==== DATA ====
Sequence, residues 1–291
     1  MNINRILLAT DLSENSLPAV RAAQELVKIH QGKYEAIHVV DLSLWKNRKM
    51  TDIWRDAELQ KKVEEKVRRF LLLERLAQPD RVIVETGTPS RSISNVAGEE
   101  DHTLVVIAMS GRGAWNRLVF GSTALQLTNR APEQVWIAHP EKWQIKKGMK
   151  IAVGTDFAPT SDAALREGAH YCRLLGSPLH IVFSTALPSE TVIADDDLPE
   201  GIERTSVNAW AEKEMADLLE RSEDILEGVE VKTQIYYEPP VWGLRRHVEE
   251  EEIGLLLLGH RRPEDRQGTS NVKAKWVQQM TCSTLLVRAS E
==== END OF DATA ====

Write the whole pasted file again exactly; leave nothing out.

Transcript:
Sequence, residues 1–291
     1  MNINRILLAT DLSENSLPAV RAAQELVKIH QGKYEAIHVV DLSLWKNRKM
    51  TDIWRDAELQ KKVEEKVRRF LLLERLAQPD RVIVETGTPS RSISNVAGEE
   101  DHTLVVIAMS GRGAWNRLVF GSTALQLTNR APEQVWIAHP EKWQIKKGMK
   151  IAVGTDFAPT SDAALREGAH YCRLLGSPLH IVFSTALPSE TVIADDDLPE
   201  GIERTSVNAW AEKEMADLLE RSEDILEGVE VKTQIYYEPP VWGLRRHVEE
   251  EEIGLLLLGH RRPEDRQGTS NVKAKWVQQM TCSTLLVRAS E